Even in the narrow range of concentrations that make up steel, mixtures of carbon and iron can form into a number of different structures, or allotropes, with very different properties; understanding these is essential to making quality steel. At room temperature, the most stable form of iron is the body-centered cubic (BCC) structure ferrite or α-iron, a fairly soft metallic material that can dissolve only a small concentration of carbon (no more than 0.021 percent by weight at 910 °C). Above 910 °C ferrite undergoes a phase transition from body-centered cubic to a face-centered cubic (FCC) structure, called austenite or γ-iron, which is similarly soft and metallic but can dissolve considerably more carbon (as much as 2.03 percent by weight carbon at 1,154 °C).[2]

As carbon-rich austenite cools, the mixture attempts to revert to the ferrite phase, resulting in an excess of carbon. One way for carbon to leave the austenite is for cementite to precipitate out of the mix, leaving behind iron that is pure enough to take the form of ferrite, and resulting in a cementite-ferrite mixture. Cementite is a stoichiometric phase with the chemical formula of Fe3C. Cementite forms in regions of higher carbon content while other areas revert to ferrite around it. Self-reinforcing patterns often emerge during this process, leading to a patterned layering known as pearlite due to its pearl-like appearance, or the similar but less beautiful bainite.

Perhaps the most important allotrope is martensite, a chemically metastable substance with about four to five times the strength of ferrite. A minimum of 0.4 percent by weight of carbon is needed in order to form martensite. When the austenite is quenched to form martensite, the carbon is "frozen" in place when the cell structure changes from FCC to BCC. The carbon atoms are much too large to fit in the interstitial vaccancies and thus distort the cell structure into a Body Centered Tetragonal (BCT) structure. Martensite and austenite have an identical chemical composition. As such, it requires extremely little thermal activation energy to form.

The heat treatment process for most steels involves heating the alloy until austenite forms, then quenching the hot metal in water or oil, cooling it so rapidly that the transformation to ferrite or pearlite does not have time to take place. The transformation into martensite, by contrast, occurs almost immediately, due to a lower activation energy.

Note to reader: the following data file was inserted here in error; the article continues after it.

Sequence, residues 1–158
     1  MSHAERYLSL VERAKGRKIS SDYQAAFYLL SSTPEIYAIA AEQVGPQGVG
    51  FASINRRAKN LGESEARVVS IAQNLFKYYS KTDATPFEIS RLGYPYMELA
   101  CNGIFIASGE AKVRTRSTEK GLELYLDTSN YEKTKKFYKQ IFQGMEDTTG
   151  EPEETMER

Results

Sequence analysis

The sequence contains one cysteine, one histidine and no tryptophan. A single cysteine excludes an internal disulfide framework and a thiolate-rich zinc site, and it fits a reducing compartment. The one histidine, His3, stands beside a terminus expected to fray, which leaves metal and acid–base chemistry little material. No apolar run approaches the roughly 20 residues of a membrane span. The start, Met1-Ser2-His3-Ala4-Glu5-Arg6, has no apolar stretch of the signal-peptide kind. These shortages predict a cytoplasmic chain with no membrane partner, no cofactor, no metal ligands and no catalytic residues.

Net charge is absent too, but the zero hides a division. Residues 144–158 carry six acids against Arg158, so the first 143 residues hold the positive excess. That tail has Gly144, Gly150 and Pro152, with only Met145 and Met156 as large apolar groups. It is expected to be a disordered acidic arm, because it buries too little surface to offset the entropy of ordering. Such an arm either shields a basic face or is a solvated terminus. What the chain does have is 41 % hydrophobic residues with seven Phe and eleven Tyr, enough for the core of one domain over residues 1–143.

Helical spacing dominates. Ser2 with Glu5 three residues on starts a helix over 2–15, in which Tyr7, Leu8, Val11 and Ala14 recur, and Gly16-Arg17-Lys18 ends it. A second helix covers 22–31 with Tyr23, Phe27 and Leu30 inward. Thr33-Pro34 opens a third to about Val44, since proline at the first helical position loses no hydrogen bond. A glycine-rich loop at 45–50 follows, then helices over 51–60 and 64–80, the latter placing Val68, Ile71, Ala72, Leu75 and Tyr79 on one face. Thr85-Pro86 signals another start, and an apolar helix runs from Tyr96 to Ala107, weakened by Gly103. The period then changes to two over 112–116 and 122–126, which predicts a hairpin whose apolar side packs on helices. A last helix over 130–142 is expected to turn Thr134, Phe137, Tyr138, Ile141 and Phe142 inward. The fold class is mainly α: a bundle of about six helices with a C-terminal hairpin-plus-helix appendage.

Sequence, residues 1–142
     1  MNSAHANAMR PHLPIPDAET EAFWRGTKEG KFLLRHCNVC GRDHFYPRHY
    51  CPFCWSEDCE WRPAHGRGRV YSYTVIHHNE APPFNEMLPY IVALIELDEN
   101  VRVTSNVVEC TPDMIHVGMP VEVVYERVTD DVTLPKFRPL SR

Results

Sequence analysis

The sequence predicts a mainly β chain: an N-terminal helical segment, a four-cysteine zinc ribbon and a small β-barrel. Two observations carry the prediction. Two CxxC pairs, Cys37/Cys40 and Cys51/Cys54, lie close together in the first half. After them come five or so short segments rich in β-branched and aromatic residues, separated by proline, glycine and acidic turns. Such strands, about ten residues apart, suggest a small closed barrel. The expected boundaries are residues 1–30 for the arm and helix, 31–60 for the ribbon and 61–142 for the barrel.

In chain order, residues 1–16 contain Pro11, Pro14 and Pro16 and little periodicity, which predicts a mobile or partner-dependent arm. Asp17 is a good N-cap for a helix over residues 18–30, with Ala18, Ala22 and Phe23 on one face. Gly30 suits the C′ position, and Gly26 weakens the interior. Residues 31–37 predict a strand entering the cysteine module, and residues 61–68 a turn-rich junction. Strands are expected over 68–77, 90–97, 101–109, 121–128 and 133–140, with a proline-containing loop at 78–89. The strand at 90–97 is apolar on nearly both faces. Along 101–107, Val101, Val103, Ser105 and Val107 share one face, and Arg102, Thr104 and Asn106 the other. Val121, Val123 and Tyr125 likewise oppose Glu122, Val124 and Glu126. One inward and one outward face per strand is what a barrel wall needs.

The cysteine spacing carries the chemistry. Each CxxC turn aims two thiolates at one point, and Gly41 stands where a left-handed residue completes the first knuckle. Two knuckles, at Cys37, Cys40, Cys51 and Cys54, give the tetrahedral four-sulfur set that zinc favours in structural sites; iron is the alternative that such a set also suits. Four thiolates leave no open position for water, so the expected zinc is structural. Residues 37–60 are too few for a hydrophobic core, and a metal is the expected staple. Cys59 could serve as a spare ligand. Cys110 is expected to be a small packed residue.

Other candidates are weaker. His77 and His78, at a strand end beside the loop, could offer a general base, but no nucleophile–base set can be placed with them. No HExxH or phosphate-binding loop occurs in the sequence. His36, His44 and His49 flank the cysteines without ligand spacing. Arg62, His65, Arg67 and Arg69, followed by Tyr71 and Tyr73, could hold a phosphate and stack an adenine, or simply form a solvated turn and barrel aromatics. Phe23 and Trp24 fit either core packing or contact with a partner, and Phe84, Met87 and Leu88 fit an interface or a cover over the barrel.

Martensite has a lower density than austenite, so that the transformation between them results in a change of volume. In this case, expansion occurs. Internal stresses from this expansion generally take the form of compression on the crystals of martensite and tension on the remaining ferrite, with a fair amount of shear on both constituents. If quenching is done improperly, these internal stresses can cause a part to shatter as it cools; at the very least, they cause internal work hardening and other microscopic imperfections. It is common for quench cracks to form when water quenched, although they may not always be visible.

At this point, if the carbon content is high enough to produce a significant concentration of martensite, the result is an extremely hard but very brittle material. Often, steel undergoes further heat treatment at a lower temperature to destroy some of the martensite (by allowing enough time for cementite, etc., to form) and help settle the internal stresses and defects. This softens the steel, producing a more ductile and fracture-resistant metal. Because time is so critical to the end result, this process is known as tempering, which forms tempered steel.